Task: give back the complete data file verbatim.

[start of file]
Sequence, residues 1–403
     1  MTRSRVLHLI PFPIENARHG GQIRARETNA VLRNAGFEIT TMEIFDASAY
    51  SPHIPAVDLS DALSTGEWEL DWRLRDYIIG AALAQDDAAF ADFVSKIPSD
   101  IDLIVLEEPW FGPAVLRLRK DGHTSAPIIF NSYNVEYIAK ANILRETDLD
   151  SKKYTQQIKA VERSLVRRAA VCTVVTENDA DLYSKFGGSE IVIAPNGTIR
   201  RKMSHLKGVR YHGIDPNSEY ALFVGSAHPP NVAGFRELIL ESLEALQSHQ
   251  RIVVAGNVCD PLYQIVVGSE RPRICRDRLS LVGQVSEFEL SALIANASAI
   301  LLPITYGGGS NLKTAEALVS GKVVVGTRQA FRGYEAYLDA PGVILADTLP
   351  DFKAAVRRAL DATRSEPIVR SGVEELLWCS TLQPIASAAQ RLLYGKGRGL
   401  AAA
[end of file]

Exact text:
Sequence, residues 1–403
     1  MTRSRVLHLI PFPIENARHG GQIRARETNA VLRNAGFEIT TMEIFDASAY
    51  SPHIPAVDLS DALSTGEWEL DWRLRDYIIG AALAQDDAAF ADFVSKIPSD
   101  IDLIVLEEPW FGPAVLRLRK DGHTSAPIIF NSYNVEYIAK ANILRETDLD
   151  SKKYTQQIKA VERSLVRRAA VCTVVTENDA DLYSKFGGSE IVIAPNGTIR
   201  RKMSHLKGVR YHGIDPNSEY ALFVGSAHPP NVAGFRELIL ESLEALQSHQ
   251  RIVVAGNVCD PLYQIVVGSE RPRICRDRLS LVGQVSEFEL SALIANASAI
   301  LLPITYGGGS NLKTAEALVS GKVVVGTRQA FRGYEAYLDA PGVILADTLP
   351  DFKAAVRRAL DATRSEPIVR SGVEELLWCS TLQPIASAAQ RLLYGKGRGL
   401  AAA